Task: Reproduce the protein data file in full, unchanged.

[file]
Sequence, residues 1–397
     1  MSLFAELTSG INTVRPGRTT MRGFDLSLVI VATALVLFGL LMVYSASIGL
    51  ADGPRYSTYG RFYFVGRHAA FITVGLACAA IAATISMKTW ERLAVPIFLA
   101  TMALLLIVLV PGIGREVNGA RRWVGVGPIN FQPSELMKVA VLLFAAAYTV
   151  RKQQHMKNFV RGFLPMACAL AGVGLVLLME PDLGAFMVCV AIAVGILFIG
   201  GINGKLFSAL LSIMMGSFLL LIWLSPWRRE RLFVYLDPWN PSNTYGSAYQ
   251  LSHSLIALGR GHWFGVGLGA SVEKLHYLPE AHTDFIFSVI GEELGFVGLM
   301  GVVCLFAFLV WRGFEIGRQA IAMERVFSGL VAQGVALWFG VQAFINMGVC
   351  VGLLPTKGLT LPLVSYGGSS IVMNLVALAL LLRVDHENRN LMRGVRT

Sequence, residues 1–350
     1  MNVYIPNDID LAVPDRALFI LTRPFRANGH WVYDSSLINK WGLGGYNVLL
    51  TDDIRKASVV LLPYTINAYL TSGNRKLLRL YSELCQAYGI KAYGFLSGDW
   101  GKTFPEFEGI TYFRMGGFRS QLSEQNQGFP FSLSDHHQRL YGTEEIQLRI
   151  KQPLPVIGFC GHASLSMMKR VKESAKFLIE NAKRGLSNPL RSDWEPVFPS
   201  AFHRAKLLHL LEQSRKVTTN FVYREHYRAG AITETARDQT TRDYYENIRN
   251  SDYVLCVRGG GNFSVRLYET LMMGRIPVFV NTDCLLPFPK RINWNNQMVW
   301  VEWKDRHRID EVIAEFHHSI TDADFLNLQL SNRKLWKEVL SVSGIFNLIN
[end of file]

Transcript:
Sequence, residues 1–397
     1  MSLFAELTSG INTVRPGRTT MRGFDLSLVI VATALVLFGL LMVYSASIGL
    51  ADGPRYSTYG RFYFVGRHAA FITVGLACAA IAATISMKTW ERLAVPIFLA
   101  TMALLLIVLV PGIGREVNGA RRWVGVGPIN FQPSELMKVA VLLFAAAYTV
   151  RKQQHMKNFV RGFLPMACAL AGVGLVLLME PDLGAFMVCV AIAVGILFIG
   201  GINGKLFSAL LSIMMGSFLL LIWLSPWRRE RLFVYLDPWN PSNTYGSAYQ
   251  LSHSLIALGR GHWFGVGLGA SVEKLHYLPE AHTDFIFSVI GEELGFVGLM
   301  GVVCLFAFLV WRGFEIGRQA IAMERVFSGL VAQGVALWFG VQAFINMGVC
   351  VGLLPTKGLT LPLVSYGGSS IVMNLVALAL LLRVDHENRN LMRGVRT

Sequence, residues 1–350
     1  MNVYIPNDID LAVPDRALFI LTRPFRANGH WVYDSSLINK WGLGGYNVLL
    51  TDDIRKASVV LLPYTINAYL TSGNRKLLRL YSELCQAYGI KAYGFLSGDW
   101  GKTFPEFEGI TYFRMGGFRS QLSEQNQGFP FSLSDHHQRL YGTEEIQLRI
   151  KQPLPVIGFC GHASLSMMKR VKESAKFLIE NAKRGLSNPL RSDWEPVFPS
   201  AFHRAKLLHL LEQSRKVTTN FVYREHYRAG AITETARDQT TRDYYENIRN
   251  SDYVLCVRGG GNFSVRLYET LMMGRIPVFV NTDCLLPFPK RINWNNQMVW
   301  VEWKDRHRID EVIAEFHHSI TDADFLNLQL SNRKLWKEVL SVSGIFNLIN